“You’ve Got Mail” – A Mixed Media Art Class

This past spring, 7 individuals from 4 different CommonBond housing communities took part in a Mixed Media: Drawing, Painting, and Collage card class called “You’ve Got Mail” led by teaching artist Courtney Miller Bellairs as part of our Arts and Aging programs. For eight weeks, participants attended class via Zoom, tuned into Courtney’s weekly office hours to ask questions about new techniques, and created personalized greeting cards which they would send to loved ones.

Each week Courtney introduced a new technique or theme, and students would design their greeting cards using the concepts explored in class. While class presented mediums and styles that were new to many of the students, Courtney said the participants were all very adventurous and willing to try new things—diving into everything from color theory, to art-making in the style of a famous artist, to collage.

Fay, a resident at Boulevard Gardens who has been participating in the Arts and Aging classes for years, found great value in trying out new techniques introduced in the Mixed Media class. “I’d never done collage before; I’d never tried to paint something like Matisse would; I’d never done a monochrome piece. It was really educational, and I use those tools every time I go to make a card,” she shared. “And because of how the class was run,
I gained a lot more confidence that I could produce something that I was willing to show someone else.”

CommonBond’s Arts & Aging classes use a sequential learning model, meaning that they’re designed to help students expand their skillset by building off of material taught the week before. One of Courtney’s goals for her students is that they develop a desire to practice even without the structure of class. For Fay, that rings true—she makes birthday cards and anniversary cards for loved ones using the skills she’s learned in the classes she’s taken over the years. “And I’ve gotten a lot of good feedback!” Fay remarked happily.

Throughout the You’ve Got Mail class, resident artists not only explored new styles and developed a sense of accomplishment based on their own growth, but they also found inspiration and support from their peers. At the beginning of each class, Courtney would share a slideshow featuring the work created by each artist based on the previous week; they would then discuss everyone’s work, ask questions about process and the story behind the card, and cheer each other on. Having this time for dialogue allowed students to learn from one another—and really witness and celebrate one another’s progress. Fay shared: “You could tell people were really putting their heart and soul into this. It wasn’t something people just cut out of a magazine and slapped on the card. … I learned from everyone else—it allowed me to try things I never would have done on my own.”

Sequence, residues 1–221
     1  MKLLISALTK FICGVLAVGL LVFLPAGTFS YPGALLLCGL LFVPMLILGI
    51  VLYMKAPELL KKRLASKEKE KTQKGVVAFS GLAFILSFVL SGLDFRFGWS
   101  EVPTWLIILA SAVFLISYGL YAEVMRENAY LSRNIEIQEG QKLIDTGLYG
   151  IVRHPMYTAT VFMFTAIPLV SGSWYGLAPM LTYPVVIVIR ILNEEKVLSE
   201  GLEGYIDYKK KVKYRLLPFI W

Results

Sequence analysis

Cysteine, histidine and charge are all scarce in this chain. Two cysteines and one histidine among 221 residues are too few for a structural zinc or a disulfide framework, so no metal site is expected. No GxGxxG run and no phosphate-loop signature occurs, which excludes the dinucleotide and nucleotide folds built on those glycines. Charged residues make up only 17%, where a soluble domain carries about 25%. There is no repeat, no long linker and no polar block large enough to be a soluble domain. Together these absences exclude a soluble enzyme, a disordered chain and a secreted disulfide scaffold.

When asked about what made this course really impactful, Courtney pointed to the social connection aspect. “The class was distinctly personal and interpersonal,” Courtney shared, “and for many students, it was an opportunity to make up for some of the lost relationships and experiences we’ve had in the past year.” Because the class took place in the spring when many folks still weren’t able to see their families, the opportunity to create, connect, and share their art with both loved ones and peers was therapeutic and life-giving for many participants.

On top of that, since the class included residents from 4 different CommonBond communities, it offered a way to make new friends at a really important time. Fay shared, “The mixed media class really improved my outlook and attitude about the rest of my life. … It’s so easy to get down on yourself when you’re not doing anything, especially just coming through this terrible year—I felt [this class] was just a life-saver.”

Fay plans on participating in future Arts and Aging classes and expresses gratitude to have access to this sort of creative opportunity, acknowledging that not everyone her age does. “Most of us [residents at Boulevard Gardens] live on social security, or maybe a little 401k, so to have the opportunity to participate in something like this with all the materials paid for is huge. That’s what stops a lot of people our age in living in low income housing. … When [CommonBond] offers something like this, it is so appreciated.”


All works above were completed by Fay during the “You’ve Got Mail” class. See more works by other resident artists on the Arts & Aging page.

Sincere thank you to Courtney Miller Bellairs for teaching the course and helping create a space for CommonBond residents to nurture their creativity and share it with others. Check out her work here!










“Lady Slipper Collage” (left) and “Ice Cream” (right), works by Courtney Miller Bellairs


The Arts and Aging programs are made possible by the voters of Minnesota through a grant from the Minnesota State Arts Board, thanks to a legislative appropriation from the arts and cultural heritage fund, and a grant from Aroha Philanthropies.


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